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I have need some some help with some thinking around a task.

My task is to create one memory area

void *memory = malloc(320);

and then use pointers to store texts into this storage place: We want to divide this area into data blocks of 32 bytes, sow we can store: 320/32 = 10 data blocks a 32 bytes. Into one data block I can store (1 ASCSII char = 1 bytes) 32 characters.

I have a bitmap that is 10 long where every bit indicates if data block is used(1) or not(0).

But what if I want to store a text that is 60 characters long? Then i need 2 data blocks (2 x 32 bytes). The bitmap shows that data block 2 and 6 are free, 1 and 6 is not side by side. How can I achieve this?

struct  data {
    char * text;

typedef struct data d;

d->text = ???
share|improve this question
If there aren't two adjacent free blocks, then you can't satisfy the request for a 60 byte string. You've just discovered "memory fragmentation": – Steve Jessop Oct 14 '10 at 21:48
So your only options would be to defragment (which requires people to not hold on to pointers), or to allocate more memory. – EboMike Oct 14 '10 at 21:50
or to create chains – pm100 Oct 14 '10 at 21:51
The fact that your problem description calls for only 60 characters when you can fit 64 characters in two blocks may be a hint that you're supposed to do something with the remaining 4 characters. – Dan Bryant Oct 14 '10 at 22:43

This is called memory fragmentation and is a serious problem. You have to report out of memory even though there is technically enough to support the block.

Managed languages like C# that don't allow pointers (in the normal case - please don't fixate on this) have the freedom to rearrange the underlying memory and fix this problem (though it's not free in terms of performance).

To fix the problem in C:
There's not a lot you can do because those pointers into the memory prevent you from reshuffling everything. Someone else has mentioned the buddy system and there are others but few are simple. A lot are based on having preset 'big chunks' and 'small chunks' and only allowing small requests small chunks etc... but that's all to stop arriving at the problem in the first place, once you're there you either deny the memory request or expand the pool.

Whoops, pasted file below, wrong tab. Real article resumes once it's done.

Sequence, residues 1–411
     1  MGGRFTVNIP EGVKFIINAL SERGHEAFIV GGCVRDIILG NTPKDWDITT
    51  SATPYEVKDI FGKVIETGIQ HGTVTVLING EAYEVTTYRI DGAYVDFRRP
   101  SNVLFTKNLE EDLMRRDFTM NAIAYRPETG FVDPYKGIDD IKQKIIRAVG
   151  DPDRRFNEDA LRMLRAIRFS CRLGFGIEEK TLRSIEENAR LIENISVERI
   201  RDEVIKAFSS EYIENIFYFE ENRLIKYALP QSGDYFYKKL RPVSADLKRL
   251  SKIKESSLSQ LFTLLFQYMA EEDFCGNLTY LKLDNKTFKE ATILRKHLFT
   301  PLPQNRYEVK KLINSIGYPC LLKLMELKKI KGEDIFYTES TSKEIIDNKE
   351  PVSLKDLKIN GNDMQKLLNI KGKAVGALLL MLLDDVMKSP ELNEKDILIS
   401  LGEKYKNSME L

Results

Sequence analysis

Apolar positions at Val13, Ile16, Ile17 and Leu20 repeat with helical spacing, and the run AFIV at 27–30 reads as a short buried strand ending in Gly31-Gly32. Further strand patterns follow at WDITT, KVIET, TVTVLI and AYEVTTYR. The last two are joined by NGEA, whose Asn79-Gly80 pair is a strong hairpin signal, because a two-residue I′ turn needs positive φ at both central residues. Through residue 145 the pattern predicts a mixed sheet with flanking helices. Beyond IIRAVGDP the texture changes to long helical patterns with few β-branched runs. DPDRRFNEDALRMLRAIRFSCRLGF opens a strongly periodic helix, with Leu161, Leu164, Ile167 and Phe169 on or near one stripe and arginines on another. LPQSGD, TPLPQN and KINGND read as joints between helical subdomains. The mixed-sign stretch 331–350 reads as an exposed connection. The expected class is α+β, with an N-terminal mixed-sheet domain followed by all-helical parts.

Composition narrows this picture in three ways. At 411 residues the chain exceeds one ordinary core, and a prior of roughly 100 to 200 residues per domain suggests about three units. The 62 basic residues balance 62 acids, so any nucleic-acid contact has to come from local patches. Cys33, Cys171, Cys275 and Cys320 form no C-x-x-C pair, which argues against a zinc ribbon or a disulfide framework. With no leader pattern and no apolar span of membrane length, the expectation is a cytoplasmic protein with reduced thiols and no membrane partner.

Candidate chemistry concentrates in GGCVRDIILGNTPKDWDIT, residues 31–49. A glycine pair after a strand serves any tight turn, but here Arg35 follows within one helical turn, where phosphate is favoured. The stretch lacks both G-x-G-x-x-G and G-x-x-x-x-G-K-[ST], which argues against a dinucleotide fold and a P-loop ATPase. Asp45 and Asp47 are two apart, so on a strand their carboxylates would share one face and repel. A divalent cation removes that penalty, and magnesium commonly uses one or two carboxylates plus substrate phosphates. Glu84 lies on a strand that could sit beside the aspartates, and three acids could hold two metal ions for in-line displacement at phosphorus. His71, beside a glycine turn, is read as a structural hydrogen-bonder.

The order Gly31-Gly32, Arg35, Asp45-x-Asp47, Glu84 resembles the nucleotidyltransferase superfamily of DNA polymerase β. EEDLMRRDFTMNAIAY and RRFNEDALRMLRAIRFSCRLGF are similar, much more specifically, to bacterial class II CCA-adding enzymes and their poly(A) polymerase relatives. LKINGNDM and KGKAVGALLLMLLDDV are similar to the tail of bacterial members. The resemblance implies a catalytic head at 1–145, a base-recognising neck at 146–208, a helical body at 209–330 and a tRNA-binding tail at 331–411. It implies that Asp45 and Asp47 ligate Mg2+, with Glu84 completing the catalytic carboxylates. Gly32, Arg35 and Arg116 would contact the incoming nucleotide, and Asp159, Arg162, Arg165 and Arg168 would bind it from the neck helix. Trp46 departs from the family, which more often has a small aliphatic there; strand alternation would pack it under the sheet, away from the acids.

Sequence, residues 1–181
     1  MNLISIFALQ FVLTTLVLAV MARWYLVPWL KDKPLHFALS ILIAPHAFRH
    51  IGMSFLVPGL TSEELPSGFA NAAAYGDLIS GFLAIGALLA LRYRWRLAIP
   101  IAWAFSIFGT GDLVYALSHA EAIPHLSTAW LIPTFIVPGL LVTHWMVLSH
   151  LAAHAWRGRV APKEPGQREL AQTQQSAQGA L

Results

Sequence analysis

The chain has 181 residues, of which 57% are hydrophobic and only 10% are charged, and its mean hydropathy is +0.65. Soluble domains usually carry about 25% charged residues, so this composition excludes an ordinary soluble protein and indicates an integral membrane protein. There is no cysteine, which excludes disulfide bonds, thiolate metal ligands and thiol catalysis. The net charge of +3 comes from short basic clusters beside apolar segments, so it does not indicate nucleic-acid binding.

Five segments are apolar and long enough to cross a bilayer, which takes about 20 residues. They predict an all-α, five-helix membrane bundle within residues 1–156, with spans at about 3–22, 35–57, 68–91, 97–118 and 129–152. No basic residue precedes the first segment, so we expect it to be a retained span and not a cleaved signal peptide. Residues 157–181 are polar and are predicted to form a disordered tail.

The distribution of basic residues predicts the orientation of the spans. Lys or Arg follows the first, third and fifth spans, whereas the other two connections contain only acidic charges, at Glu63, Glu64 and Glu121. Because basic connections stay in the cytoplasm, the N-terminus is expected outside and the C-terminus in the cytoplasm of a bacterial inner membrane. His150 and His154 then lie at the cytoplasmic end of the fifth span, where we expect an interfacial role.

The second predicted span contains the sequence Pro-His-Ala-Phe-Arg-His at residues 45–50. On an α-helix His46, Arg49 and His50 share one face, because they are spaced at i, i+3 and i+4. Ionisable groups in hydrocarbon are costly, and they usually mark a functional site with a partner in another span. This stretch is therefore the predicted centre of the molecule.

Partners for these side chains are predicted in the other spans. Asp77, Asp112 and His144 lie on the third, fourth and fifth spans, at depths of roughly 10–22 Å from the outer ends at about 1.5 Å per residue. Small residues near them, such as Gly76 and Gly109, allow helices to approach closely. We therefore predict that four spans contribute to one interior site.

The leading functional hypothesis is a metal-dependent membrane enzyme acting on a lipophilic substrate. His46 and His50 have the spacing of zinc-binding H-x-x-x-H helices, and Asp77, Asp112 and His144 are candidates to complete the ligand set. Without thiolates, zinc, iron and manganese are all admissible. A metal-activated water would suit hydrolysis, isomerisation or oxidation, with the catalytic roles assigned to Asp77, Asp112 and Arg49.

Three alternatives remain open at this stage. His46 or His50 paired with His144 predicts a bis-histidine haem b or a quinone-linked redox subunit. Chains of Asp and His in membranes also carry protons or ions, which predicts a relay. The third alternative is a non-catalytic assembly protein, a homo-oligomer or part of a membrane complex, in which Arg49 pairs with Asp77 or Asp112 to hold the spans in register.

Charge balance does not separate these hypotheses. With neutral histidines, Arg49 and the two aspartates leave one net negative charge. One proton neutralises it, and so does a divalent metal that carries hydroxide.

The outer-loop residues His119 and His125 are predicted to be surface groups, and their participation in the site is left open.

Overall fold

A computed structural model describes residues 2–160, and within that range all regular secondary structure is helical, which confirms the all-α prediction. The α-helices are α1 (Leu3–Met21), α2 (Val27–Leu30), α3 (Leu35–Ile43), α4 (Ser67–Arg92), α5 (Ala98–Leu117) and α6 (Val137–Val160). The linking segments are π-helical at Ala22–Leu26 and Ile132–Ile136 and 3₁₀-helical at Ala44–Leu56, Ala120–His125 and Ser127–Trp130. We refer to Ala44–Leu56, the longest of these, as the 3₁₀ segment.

share|improve this answer
Ok. But is the anyway to do this in C with pointers? This is a task that I have to figure out. – user265767 Oct 14 '10 at 21:56

You could a byte from the each of the 10 32 byte spaces and used that byte as an index to the continuation of the string. This would actually be a linked list, and you could make it a doubly linked list by having the forward and backward indexes.

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Some thoughts off the top of my head:

  • Add on to your storage architecture by having all requests to your storage go through a controller/manager that abstracts access to the storage (could be the same one that handles the bitmap). This would allow you to defragment your storage while not worrying about other parts of the app having pointers to the wrong place after defragmentation.

  • You could rewrite the spec for your storage system so that one specific byte of each block is used to store a number identifying the "next" block (thus having only 31 bytes of effective storage per block).

share|improve this answer
Or every block is char a[32], struct message contains a array that points out data_blocks, then I can divide a string into blocks and add the block number to the array ? – user265767 Oct 14 '10 at 22:43

Your string data structure should be exactly like your block manager except it should track "local" blocks rather than all blocks in the memory pool.

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You would have to add a kind of a memory manager layer that keeps track of what slots a particular entry occupies (in this case a string) and in which order the slots are used - your bit field would not be enough.

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As mentioned in other comments and answers, this is a fragmentation problem. You could either defragment the code (which will impose lots of requirements and limitations on how systems are allowed to access the memory), or allocate memory.

There are techniques to minimize fragmentation. One popular one is buddy memory allocation:

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